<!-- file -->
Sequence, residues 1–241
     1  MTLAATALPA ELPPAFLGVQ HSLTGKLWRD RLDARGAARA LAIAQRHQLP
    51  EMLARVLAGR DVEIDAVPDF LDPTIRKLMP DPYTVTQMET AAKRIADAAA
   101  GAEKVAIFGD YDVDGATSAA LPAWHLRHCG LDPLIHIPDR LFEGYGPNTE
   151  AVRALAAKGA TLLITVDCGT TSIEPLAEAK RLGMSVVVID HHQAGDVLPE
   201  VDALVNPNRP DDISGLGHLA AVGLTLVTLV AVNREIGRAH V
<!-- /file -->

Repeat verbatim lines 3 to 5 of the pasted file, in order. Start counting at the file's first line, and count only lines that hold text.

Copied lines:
    51  EMLARVLAGR DVEIDAVPDF LDPTIRKLMP DPYTVTQMET AAKRIADAAA
   101  GAEKVAIFGD YDVDGATSAA LPAWHLRHCG LDPLIHIPDR LFEGYGPNTE
   151  AVRALAAKGA TLLITVDCGT TSIEPLAEAK RLGMSVVVID HHQAGDVLPE